Olive oil lamps are a great natural alternative to regular paraffin candles and kerosene lanterns. Paraffin candles and kerosene are both toxic when burned and are byproducts of the petroleum refining industry. Olive oil, however, burns clean and very slowly. Burning an olive oil lantern is less costly than using electricity and can save you money. They are also great for camping. Here's how to make your own easy olive oil lantern.
You will need a clear glass container to make into a lamp. It should be at least three inches wide to keep from getting hot.
I prefer to use a handled glass mug or a large glass mason jar with a handle on the side so that the lantern can be carried easily from room to room. Any glass jar will do, however. If you want your lantern to be portable for hiking or camping, you can use a short wide-mouthed jar with a tight-fitting lid. This will make it easy for you to pack up your lantern with the oil still inside and take it anywhere with you.
You will also need a wick. You can use wicking made for a kerosene lantern, or you can make your own wick. I prefer to make my own by cutting a thin strip of fabric from a cotton t-shirt that is ¼ inch wide and about 3 inches long. Your wick must be 100% cotton or it will not burn. Other materials can be extremely toxic to burn.
The wick must be supported by some type of lead-free wire. I use 24 gauge craft wire or thicker. You can also use wire from an uncoated coat hanger or other type of craft wire. If you have fairly thick wire, you can make a handle for your wick which will help make it easier to light, but is not necessary.
To make a wick holder, coil a four or five inch long piece of wire into a spiral that is as wide as the inside of the bottom of the glass jar. You should be able to set it flat inside and turn the jar side to side and the wire should stay centered in the jar fairly well. Pull the center part of the spiral up so that when laid flat on a surface, the center stands up about an inch high. If you have thicker wire, you can make the end of the spiral extra long for a handle. Just add enough wire to the end of it to reach the top of the jar once the wire is set inside.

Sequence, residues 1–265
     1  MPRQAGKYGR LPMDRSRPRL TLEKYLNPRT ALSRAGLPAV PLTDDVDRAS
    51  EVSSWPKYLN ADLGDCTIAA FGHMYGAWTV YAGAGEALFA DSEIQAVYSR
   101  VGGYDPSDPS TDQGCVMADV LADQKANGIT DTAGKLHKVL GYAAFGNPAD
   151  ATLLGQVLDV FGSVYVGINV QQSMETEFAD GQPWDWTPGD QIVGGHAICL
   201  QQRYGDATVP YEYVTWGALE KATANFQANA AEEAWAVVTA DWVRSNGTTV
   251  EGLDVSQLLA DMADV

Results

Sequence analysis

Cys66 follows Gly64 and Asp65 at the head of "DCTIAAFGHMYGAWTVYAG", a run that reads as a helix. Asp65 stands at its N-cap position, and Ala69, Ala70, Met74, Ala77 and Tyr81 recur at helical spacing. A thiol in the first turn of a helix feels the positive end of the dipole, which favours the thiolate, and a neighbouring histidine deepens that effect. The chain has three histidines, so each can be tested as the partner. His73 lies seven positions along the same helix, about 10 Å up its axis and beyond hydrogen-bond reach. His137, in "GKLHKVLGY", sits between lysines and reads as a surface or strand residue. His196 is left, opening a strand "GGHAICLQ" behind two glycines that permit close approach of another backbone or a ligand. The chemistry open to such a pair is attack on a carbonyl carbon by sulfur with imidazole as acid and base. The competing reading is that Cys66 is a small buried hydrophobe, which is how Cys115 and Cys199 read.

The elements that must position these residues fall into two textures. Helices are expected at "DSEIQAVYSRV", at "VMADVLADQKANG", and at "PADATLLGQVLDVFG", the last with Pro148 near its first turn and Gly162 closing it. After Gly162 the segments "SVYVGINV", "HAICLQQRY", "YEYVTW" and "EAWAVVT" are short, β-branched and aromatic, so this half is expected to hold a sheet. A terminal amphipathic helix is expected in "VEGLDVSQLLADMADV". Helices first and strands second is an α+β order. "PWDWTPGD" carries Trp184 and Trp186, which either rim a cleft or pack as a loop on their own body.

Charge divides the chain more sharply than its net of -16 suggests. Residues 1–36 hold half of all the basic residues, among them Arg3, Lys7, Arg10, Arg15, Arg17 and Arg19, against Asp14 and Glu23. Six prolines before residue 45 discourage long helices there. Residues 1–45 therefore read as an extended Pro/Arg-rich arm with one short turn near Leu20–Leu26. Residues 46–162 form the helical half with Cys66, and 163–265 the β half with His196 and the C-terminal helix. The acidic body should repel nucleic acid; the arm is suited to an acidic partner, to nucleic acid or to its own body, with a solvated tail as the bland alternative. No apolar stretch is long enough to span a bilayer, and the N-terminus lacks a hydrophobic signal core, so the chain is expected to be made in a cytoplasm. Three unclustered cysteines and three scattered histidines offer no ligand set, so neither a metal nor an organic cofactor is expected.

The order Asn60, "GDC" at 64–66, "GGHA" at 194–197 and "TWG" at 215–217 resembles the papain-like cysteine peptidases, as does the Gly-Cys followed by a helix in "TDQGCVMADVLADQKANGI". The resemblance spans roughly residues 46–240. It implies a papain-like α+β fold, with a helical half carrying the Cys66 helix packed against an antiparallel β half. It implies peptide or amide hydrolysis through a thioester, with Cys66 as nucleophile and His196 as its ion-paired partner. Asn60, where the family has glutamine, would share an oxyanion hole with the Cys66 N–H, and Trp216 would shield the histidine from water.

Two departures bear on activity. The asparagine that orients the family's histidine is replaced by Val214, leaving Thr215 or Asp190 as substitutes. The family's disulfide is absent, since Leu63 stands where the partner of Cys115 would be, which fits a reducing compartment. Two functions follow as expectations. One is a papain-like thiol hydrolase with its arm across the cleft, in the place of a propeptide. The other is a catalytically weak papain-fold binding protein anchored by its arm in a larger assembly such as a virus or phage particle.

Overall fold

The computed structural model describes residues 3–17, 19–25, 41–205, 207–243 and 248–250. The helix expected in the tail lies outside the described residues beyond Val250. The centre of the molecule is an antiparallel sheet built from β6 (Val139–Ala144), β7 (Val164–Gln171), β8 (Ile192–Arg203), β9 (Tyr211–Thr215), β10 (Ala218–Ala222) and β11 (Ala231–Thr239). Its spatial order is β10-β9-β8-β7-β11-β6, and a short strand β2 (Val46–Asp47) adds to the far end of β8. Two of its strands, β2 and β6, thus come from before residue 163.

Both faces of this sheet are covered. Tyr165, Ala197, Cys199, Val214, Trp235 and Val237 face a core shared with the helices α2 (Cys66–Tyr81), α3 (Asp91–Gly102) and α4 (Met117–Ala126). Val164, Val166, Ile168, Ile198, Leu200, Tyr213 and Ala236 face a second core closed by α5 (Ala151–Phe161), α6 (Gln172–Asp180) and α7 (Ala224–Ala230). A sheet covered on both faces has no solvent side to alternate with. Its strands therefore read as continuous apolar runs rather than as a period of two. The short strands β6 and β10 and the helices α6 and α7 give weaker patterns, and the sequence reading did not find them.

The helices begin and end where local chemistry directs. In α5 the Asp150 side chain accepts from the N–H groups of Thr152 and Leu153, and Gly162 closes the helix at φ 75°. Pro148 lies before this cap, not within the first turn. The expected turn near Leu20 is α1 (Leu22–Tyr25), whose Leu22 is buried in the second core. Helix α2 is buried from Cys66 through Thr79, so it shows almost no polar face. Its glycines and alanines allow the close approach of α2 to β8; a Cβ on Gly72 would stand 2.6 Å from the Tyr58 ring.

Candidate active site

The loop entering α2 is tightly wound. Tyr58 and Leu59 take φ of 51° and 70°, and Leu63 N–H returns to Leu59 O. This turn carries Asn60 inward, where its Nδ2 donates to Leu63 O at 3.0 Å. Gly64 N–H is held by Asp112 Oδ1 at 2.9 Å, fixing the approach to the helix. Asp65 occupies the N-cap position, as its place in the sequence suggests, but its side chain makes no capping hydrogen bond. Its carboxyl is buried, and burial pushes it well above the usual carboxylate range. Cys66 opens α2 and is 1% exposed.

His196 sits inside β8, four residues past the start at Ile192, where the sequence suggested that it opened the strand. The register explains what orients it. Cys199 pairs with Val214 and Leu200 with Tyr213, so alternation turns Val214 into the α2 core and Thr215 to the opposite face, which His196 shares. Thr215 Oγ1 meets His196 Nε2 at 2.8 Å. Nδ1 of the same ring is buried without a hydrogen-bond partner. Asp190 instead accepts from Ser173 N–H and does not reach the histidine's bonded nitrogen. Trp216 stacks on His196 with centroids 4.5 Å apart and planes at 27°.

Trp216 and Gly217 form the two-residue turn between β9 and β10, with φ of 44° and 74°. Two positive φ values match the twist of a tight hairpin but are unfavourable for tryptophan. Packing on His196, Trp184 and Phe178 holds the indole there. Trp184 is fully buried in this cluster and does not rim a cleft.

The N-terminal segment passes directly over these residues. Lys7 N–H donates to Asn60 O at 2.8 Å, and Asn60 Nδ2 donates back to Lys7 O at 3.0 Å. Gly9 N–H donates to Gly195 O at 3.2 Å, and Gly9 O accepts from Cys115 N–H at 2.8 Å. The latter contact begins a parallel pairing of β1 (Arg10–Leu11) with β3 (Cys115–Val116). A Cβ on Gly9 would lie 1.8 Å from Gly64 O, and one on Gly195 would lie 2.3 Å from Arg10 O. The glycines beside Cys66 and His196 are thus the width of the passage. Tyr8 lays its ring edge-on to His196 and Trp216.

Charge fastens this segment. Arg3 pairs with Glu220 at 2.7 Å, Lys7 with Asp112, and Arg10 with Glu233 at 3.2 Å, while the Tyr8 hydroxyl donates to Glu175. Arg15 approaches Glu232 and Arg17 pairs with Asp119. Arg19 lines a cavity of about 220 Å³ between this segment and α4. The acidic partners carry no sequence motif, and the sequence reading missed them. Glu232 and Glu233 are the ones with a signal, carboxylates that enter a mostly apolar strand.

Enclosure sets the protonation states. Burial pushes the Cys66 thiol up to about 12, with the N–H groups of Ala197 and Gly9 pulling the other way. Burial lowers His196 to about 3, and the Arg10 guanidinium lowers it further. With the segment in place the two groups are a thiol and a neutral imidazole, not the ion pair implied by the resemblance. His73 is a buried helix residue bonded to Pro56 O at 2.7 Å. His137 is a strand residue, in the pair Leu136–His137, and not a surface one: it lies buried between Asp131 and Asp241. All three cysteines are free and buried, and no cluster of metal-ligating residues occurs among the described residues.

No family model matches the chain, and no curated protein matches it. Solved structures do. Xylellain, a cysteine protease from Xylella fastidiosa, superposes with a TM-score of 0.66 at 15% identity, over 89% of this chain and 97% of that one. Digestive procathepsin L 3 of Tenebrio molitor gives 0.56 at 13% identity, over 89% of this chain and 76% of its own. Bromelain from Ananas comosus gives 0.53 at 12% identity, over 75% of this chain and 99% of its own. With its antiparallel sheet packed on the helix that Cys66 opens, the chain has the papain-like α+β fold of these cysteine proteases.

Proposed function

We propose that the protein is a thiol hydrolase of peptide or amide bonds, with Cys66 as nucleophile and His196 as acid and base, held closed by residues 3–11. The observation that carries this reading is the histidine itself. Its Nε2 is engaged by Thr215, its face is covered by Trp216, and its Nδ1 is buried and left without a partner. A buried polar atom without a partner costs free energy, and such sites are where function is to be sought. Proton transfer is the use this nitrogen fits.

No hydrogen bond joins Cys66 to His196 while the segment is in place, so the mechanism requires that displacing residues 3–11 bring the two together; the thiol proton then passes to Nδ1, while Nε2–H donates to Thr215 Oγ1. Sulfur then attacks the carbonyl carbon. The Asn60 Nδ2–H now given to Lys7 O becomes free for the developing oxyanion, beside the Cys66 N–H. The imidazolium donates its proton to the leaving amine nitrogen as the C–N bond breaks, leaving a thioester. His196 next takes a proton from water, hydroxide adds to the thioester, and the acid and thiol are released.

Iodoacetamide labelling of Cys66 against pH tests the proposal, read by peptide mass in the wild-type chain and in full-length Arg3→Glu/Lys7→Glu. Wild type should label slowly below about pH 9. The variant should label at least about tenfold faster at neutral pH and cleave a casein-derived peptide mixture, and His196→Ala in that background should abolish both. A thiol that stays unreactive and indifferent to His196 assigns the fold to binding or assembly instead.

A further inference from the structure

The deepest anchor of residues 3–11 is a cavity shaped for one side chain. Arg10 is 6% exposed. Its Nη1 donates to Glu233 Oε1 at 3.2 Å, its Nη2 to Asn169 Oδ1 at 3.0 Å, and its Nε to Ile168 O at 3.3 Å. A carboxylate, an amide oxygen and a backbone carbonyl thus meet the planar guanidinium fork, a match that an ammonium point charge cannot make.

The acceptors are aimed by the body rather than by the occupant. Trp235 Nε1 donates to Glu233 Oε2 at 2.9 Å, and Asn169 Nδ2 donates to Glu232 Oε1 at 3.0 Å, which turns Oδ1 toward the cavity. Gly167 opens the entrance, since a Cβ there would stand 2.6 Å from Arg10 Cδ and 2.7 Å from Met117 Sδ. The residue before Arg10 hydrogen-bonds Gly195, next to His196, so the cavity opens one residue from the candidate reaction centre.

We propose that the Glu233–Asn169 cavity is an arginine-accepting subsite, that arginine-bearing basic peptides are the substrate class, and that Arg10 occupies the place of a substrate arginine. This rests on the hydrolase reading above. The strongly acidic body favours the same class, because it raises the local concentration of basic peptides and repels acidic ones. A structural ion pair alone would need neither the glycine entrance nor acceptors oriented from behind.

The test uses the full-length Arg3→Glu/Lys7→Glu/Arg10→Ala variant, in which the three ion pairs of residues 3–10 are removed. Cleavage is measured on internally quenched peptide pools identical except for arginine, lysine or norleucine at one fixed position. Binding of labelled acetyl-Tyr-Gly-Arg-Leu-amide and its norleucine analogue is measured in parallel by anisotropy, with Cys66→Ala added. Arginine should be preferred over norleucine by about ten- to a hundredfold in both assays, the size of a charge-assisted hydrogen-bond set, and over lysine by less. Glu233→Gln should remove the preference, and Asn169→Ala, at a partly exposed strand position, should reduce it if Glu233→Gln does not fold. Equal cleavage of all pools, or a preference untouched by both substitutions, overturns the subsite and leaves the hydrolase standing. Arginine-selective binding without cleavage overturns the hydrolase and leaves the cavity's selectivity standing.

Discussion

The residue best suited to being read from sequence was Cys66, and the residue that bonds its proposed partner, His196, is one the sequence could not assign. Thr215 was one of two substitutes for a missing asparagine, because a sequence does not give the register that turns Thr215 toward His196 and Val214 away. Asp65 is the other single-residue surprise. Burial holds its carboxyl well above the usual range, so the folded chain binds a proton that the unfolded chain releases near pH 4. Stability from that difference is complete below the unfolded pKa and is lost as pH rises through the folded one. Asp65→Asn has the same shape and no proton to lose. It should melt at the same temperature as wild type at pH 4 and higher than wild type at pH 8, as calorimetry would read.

Make a small loop at the center of the spiral and insert one end of the wick into the hole. Crimp the loop around the wick so that it is just tight enough to hold it up. You should have about 1/8 inch of wick standing
up above the wire loop. The rest of the wick should dangle down below the loop under the coil.
Place the wick and wire down inside the bottom of your oil lamp. Now you are ready to add the olive oil.
Only extra virgin olive oil should be used. It seems expensive, but burns very slowly so it is less expensive than many alternatives. You should be able to find it at any grocery store. Pour the oil down into the lamp just so that it is high enough to touch the top of the wire spiral at the base of the wick. Your wick should stick out above the top of the oil about 1/8 inch. Be sure that you wet the entire wick with oil.
Never blow out your olive oil lamp. It will create lots of acrid smelling black smoke. Instead, jostle your lamp slightly so that oil is swished over the flame to extinguish it or find a safer method. When used correctly, your olive oil lamp will give off no smell at all or it will smell faintly of olive oil. There should be no unpleasant scent or smoke. If your lamp begins to smoke or the flame becomes too high, add more olive oil to the lamp so that it is refilled to its original level.
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